When picturing the Cavalcade Event 8 lineup, we’d already decided that it was going to be doing something rather different than the previous seven events. By focusing on the theme of Halloween, we were able to run off in different directions than those to which we had been bound previously. Able to touch on one-off topics like Pumpkinhead was definitely a big draw.

Directed by Stan Winston, the journeyman craftsman who lead the teams that brought the Terminator, the Alien Queen from Aliens, and the physical dinosaurs in Jurassic Park to life. The man was, frankly, synonymous with the best movie monsters and creature effects for over a generation-so when he puts together an original “dark fairy-tale fantasy” horror film involving Lance Henriksen and a demon, it’s something I want to see.

I’d heard about Pumpkinhead for years, of course. It wasn’t the most successful movie in the theaters at the time of its release in 1988, but has officially achieved “cult status” on home video. Enough so that they made 3 sequels and a comic book mini-series. Even though the sequels were supposedly terrible, word kept circulating that the original had some serious merit. Besides, there was a 20th anniversary DVD that had come out only a month prior. It was fate.

The film centers on Ed Harley (Henriksen), the owner of a small country store in the middle of nowhere which he runs while raising his young son, Billy. One day six fun-loving-horror-movie-style-idiot-teenagers happen by, decide to have some good old-fashioned goofy fun by… pulling out their ATVs and riding over the hills near the store. Woo. Before anyone can say “plot device”, Billy chases his dog out to the hills, gets himself run over, and Harley’s got a righteous mad-on for some blood vengeance. In short order, Harley finds himself a witch, mixes his blood into some kind of stew, and sets loose the titular demon.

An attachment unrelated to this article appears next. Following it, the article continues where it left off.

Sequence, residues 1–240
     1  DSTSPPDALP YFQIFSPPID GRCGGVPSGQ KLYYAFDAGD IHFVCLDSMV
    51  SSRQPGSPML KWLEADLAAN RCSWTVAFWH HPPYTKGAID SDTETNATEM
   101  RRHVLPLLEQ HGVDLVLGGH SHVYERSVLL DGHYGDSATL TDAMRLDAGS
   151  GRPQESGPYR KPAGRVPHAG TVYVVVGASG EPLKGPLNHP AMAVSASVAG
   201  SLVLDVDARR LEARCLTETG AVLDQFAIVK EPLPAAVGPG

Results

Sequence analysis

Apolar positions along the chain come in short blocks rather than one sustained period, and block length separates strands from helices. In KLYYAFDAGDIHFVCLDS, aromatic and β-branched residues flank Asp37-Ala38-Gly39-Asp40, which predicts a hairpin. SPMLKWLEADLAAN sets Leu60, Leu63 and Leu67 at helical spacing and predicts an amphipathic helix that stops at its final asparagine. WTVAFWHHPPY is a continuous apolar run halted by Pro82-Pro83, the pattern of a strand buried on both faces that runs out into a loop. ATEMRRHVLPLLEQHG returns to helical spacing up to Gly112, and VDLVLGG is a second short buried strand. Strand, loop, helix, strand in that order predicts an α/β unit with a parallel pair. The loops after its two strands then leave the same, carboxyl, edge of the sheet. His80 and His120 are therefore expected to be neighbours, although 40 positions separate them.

Now, my rather flippant description of the movie’s plot doesn’t do it justice, but trust when I say this has much more to do with my inherent dislike of writing synopsis than the quality of the movie. This is a brooding, and deeply atmospheric monster movie that almost overcomes its B-movie origins. While not a great work of Shakespeare, the movie does evolve into a fairly well-played morality play by the third act, with Harley having to come to terms with the price of Vengeance. The movie succeeds in hitting every note its going for…

…Which is exactly why its not a good choice for the Cavalcade. The fact that it takes its time developing the relationship between father and son in the first act causes it to drag on an audience hungry for action. Later, when the Demon is slaughtering the teens, it’s more concerned with creeping out the audience (and it’s intended victims) than actually completing its task, which can lead the “suspenseful” moments to drag out…which can cause more rambunctious crews to start to check out of the picture.

Depending on your Cavalcade audience, this is either a fantastically told low-budget dark fairy tale, or a slow-moving bore. Your mileage may vary. But I, for one, am glad it’s in my permanent collection.

Aliens: Director’s Cut